For most of the past half century, China has avoided a full accounting for one of the darkest chapters of its recent history: the Cultural Revolution of 1966-1976.
During that time, Chairman Mao Zedong's shock troops Communist youth known as Red Guards persecuted, tortured or even killed millions of Chinese, supposed enemies of the Communist Party.
Now, some Red Guards have issued public apologies to their victims, a rare example of the ruling party allowing public discussion of its historic mistakes.
Some observers hope the apologies will lead to fuller public discussion of this turbulent decade in China's history. But there are many critics, too: those who say the apologies are insincere and insufficient, and others who feel they unfairly besmirch Mao's reputation.
The Cultural Revolution was orchestrated by the Chinese leader, an effort to build a utopian society through class struggle. It drove the country to the brink of civil war and, by some estimates, cost more than 1 million lives.
The early phases of the Cultural Revolution were centered on China's schools. In the summer of 1966, the Communist Party leadership proclaimed that some of China's educators were members of the exploiting classes, who were poisoning students with their capitalist ideology. Indeed, the educated classes in general were marked as targets of the revolution.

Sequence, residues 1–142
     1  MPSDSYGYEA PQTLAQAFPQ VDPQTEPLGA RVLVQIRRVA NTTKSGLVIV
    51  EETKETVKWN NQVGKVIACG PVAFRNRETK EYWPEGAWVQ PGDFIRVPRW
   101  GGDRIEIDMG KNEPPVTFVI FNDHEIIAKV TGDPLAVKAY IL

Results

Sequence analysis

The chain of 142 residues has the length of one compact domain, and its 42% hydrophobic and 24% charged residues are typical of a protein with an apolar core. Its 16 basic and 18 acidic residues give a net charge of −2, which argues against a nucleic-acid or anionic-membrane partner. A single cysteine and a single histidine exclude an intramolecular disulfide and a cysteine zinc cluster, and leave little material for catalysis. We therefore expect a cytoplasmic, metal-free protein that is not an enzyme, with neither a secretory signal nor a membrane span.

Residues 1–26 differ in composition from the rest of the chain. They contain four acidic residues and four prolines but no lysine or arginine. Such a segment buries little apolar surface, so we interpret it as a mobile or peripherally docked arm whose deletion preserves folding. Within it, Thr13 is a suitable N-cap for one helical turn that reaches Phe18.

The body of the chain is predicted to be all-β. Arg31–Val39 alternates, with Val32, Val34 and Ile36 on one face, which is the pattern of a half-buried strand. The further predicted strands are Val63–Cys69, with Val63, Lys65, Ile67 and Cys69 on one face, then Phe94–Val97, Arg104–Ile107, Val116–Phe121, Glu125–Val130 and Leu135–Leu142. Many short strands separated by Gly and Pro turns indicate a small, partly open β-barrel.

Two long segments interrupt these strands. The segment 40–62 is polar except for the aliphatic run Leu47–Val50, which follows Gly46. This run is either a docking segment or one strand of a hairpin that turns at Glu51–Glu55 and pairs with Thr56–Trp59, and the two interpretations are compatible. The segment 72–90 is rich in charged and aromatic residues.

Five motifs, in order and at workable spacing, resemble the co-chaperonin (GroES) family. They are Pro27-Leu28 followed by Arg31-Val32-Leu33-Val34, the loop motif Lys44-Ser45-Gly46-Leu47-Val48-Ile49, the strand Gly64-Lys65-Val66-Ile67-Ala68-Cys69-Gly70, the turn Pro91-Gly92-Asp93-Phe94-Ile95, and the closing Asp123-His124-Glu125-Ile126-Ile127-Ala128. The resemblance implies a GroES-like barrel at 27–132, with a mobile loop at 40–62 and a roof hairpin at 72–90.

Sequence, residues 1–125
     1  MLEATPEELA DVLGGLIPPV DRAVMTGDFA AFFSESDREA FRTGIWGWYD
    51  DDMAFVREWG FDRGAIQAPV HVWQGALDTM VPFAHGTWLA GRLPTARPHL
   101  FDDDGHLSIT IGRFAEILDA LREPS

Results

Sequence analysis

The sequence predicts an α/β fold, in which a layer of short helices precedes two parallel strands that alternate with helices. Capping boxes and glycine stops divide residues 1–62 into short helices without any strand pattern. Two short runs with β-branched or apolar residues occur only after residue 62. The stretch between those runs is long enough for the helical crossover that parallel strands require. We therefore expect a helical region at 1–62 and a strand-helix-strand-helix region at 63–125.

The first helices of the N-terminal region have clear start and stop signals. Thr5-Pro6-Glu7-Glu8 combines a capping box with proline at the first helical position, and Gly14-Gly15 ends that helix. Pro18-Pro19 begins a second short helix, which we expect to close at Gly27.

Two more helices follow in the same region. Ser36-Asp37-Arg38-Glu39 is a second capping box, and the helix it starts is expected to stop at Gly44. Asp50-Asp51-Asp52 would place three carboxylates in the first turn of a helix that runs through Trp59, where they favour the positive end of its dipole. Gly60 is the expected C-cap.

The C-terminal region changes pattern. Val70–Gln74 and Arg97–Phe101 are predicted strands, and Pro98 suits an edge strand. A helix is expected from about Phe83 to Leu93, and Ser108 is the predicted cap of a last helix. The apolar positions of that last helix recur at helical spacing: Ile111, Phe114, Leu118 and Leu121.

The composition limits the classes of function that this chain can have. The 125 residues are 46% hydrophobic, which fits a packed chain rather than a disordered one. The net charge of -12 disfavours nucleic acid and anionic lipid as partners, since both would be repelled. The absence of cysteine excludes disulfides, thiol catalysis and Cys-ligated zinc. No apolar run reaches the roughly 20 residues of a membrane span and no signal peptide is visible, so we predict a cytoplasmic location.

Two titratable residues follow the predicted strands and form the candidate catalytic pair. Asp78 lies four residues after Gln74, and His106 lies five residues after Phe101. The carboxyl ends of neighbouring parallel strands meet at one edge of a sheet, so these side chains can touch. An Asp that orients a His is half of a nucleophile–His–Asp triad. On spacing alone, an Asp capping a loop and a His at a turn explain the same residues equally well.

The leadership gave Communist youth known as Red Guards the green light to remove educators from their jobs and punish them.
One of the highest-profile apologies comes from Chen Xiaolu, a Red Guard leader at Beijing's elite No. 8 high school. He is also the son of Chen Yi, a leading Communist revolutionary and former foreign minister, and that allows him some latitude to speak out.
"On August 19, I organized a meeting to criticize the leaders of the Beijing education system," Chen, now 67, recalls. "A rather serious armed struggle broke out. At the end, some students rushed onstage and used leather belts to whip some of the education officials, including the party secretary of my school."
Chen says he was against the violence, but the situation spiraled out of his control. Chen says his school's party secretary later committed suicide, and a vice secretary was crippled as a result of that day's attack.